It is in this spirit that Jakara seeks to bring alive an ingenious structure from our history in a way that will empower our youth and our communities. Misls are formed with local councils that oversee projects within their particular localities. They recruit high school, college students, and other community members together to put on a variety of projects, including Jakara Juniors camps, Sikhi Seva Cinema, art programs, garden workshops, and anything else that their local community needs.


Yuba City Sacramento

New York Phoenix

Central Valley Bay Area

New Jersey

Fresno Minnesota Bakersfield LA

Orange County San Diego




Sikhiya is an application counseling service. Originally aimed at graduate and professional school applicants, the program has expanded to include even those applying to collegiate programs. The initiatives provides support, mentoring, and application counseling in order to continue Sikh achievement in higher education. Utilizing a network of Sikhs who are successfully pursuing masters degrees, JDs, MBAs, MDs, and doctoral degrees in most every field, the goal of the program is to increase the overall quality of our applicants’ profiles to promote Sikh representation in higher education. In the inaugural year of launch, students received admissions into Yale Law School, UCSB’s history department, Stanford Medical School, and many others.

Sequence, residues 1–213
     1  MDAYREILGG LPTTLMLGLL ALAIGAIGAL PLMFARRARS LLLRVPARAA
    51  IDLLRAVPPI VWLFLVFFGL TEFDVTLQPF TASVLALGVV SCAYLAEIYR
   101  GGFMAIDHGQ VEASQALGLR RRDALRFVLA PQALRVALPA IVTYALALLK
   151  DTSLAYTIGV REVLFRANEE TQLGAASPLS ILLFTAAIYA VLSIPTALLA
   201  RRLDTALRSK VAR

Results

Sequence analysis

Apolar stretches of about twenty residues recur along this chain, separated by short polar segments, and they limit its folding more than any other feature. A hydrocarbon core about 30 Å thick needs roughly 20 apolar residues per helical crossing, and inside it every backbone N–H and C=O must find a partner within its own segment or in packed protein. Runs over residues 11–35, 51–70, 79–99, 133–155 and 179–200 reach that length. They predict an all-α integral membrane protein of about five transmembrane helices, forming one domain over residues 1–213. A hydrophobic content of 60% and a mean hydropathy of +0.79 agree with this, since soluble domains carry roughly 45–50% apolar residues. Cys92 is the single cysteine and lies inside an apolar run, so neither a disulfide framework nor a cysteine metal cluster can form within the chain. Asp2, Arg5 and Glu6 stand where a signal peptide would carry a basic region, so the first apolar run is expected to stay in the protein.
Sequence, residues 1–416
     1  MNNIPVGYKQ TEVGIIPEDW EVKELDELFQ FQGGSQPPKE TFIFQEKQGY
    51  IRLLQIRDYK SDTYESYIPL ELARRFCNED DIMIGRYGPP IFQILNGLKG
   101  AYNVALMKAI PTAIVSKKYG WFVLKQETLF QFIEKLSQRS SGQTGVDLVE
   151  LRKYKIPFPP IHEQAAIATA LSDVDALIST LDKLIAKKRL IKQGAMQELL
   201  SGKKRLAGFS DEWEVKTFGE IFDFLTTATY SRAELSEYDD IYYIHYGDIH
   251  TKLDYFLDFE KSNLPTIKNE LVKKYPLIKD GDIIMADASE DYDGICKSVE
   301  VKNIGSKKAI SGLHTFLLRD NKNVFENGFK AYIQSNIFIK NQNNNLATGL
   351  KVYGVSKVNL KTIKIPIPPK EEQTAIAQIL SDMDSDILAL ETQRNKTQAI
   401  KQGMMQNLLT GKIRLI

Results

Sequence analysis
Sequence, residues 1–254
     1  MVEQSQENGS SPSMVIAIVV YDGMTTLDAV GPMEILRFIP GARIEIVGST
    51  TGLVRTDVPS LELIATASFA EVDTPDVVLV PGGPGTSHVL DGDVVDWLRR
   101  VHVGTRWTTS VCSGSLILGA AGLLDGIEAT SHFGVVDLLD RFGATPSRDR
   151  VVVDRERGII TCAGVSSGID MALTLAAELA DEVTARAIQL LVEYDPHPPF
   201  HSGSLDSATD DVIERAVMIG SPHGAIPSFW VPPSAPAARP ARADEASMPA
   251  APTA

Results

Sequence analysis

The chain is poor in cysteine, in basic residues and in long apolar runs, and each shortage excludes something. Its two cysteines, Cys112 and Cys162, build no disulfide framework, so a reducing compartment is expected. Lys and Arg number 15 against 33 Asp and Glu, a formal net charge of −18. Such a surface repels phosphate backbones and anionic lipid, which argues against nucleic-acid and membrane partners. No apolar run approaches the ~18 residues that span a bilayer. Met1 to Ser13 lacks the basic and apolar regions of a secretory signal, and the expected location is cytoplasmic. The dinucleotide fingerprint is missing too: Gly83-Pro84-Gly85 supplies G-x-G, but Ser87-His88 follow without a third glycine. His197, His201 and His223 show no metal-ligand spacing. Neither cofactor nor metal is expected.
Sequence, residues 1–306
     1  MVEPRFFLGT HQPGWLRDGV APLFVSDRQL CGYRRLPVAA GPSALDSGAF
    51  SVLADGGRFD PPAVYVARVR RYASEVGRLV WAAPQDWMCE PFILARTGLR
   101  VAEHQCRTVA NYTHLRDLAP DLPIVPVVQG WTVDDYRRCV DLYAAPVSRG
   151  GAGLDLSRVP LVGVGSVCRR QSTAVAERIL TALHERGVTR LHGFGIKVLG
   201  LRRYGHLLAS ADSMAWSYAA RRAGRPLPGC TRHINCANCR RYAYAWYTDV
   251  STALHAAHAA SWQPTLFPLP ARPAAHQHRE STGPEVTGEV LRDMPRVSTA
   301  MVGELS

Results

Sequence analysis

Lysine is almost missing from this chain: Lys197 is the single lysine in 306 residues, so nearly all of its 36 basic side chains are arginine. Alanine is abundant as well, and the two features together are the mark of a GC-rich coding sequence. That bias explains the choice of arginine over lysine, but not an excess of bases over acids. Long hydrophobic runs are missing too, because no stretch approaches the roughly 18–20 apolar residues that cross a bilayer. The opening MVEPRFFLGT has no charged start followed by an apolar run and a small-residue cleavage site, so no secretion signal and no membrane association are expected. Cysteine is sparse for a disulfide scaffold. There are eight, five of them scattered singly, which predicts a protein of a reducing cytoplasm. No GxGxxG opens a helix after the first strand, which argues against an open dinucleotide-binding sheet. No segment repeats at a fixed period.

The Sikh Honor and Service Society is a national program aimed at promoting and honoring service, leadership, and academic excellence amongst high school students. It is open to all students, irrespective of national origin, religion, belief, disability, or sexual orientation. Commenced in 2013, over 7 high schools are participating in this extraordinary program. High school students participating in the program have access to special scholarships, SAT classes, volunteer opportunities for ‘servicelearning’. SHSS seek to provide students with resources and skills of leadership and service, mentorship opportunities, assistance with college applications, and recognition at the end of the school year for either excellence or merit tracks.

Initiated in 2010, the Sikholars Conference was meant to provide a forum for young researchers to present their work on Sikh– related topics to the wider public. The success of the conference can be seen in the number of countries presenters have traveled from, and the growing attendance by the local community. With topics ranging from Khalistani nationalism to Unix Coding for Gurmukhi, from the history of Nihangs in the court of Ranjit Singh to the North American bhangra circuit, from Sikh sculpture and architecture to representations of masculinity in Punjabi films, we encourage the widest possible range of those pursuing graduate studies on Sikh and Punjab Studies. Additions to the conference have been the inauguration of a the Ajeet Singh Matharu Prize for Excellence, which was named in honor of our beloved partner and a unique sevadar, and is awarded to the most outstanding research. New in 2013 included the first annual Amitesh Kaur Alag Memorial Lecture and an entrepreneurial panel.